New Zealand urged to create more compassionate refugee policy
Monday, 27th May 2019 at 4:16 pm
World Vision is calling on the New Zealand government to scrap refugee quota restrictions that the charity argues are discriminatory and wrong.
The government’s refugee quota and policies are up for review in June and World Vision NZ said the rules needed to be changed to help settle refugees from the world’s most vulnerable places.
In a statement, the charity said the current restrictions were discriminatory by only allowing refugees from the Middle East or Africa to settle in NZ if they already had family here – even though this rule doesn’t apply to refugees from other parts of the world.
Grant Bayldon, national director of World Vision NZ, said the current rules meant those fleeing from areas like South Sudan and Syria had virtually no chance of coming to safety.
“New Zealand is a country that has always welcomed people,” Bayldon said.
“Who better to welcome than the world’s most vulnerable families who are fleeing conflicts beyond their control and just want to make new lives for themselves and their children?”
While the United Nations refugee agency has called on developed countries to prioritise resettlement for people from major crisis zones like South Sudan, only 12 South Sudanese have been resettled in NZ since 2011.
“These people need a better option. But coming to New Zealand is out of reach for all but a tiny minority of them, thanks to the family link policy. It’s discriminatory and it’s wrong,” Bayldon said.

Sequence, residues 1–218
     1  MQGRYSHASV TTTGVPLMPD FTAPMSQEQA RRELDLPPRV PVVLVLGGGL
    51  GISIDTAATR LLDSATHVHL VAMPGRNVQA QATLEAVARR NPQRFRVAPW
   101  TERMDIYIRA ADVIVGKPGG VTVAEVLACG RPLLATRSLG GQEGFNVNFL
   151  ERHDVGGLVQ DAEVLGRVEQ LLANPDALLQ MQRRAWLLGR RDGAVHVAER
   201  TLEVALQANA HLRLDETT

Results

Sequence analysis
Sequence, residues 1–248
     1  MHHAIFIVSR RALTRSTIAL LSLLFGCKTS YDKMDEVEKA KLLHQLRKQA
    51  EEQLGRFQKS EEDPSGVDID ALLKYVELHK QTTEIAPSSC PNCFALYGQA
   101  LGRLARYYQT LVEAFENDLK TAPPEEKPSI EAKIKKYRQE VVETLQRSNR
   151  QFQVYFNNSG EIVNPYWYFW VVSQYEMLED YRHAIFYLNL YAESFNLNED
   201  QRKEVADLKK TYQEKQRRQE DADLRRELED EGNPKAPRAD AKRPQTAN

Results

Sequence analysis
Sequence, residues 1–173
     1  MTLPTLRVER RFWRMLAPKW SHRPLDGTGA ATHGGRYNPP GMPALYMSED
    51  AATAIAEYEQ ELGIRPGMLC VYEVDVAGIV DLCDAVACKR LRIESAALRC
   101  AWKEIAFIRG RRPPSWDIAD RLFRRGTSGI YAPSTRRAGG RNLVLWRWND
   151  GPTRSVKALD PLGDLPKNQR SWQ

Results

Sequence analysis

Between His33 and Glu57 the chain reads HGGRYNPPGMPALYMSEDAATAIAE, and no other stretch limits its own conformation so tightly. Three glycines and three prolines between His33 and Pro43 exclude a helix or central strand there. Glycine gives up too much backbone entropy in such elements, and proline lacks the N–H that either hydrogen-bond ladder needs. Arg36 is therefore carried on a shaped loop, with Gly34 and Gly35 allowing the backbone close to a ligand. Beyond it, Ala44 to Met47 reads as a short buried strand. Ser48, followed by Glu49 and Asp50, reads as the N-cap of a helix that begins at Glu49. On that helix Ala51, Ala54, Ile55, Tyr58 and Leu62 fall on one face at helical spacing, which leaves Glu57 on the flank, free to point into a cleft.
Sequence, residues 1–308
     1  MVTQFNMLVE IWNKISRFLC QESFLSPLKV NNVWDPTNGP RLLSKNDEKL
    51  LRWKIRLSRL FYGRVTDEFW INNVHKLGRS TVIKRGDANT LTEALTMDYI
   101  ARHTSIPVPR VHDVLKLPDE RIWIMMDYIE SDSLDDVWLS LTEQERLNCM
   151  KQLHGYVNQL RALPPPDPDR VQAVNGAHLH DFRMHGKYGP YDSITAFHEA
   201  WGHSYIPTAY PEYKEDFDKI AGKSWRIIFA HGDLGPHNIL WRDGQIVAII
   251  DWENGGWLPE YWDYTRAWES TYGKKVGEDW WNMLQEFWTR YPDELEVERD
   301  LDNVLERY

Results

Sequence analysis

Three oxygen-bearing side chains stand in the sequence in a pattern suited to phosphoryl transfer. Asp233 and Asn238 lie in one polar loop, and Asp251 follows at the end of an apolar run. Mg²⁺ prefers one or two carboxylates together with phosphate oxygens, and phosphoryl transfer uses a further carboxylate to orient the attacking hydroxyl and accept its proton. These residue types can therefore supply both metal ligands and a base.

“This government has the opportunity to fix this – to open our doors to some of the most vulnerable people in the world. The time to do that is right now.”
NZ Immigration Minister Iain Lees-Galloway has indicated the government would be open to changing its policy.
Lees-Galloway told RNZ that he agreed with World Vision that the current policy was discriminatory.
“Insofar as that it treats one group of people differently from others, it does do that,” Lees-Galloway said.
“But that was a policy that was put in place by the previous government so that they could focus the refugee intake on the Asia-Pacific region.
“We have to look at where the need is around the world, and there is no doubt that there is significant need in the Africa and Middle East regions.”
Prime Minister Jacinda Ardern has already pledged to raise the refugee quota from 1,000 to 1,500 in July 2020, with the government also promising to increase the geographical spread of refugee resettlement and support services.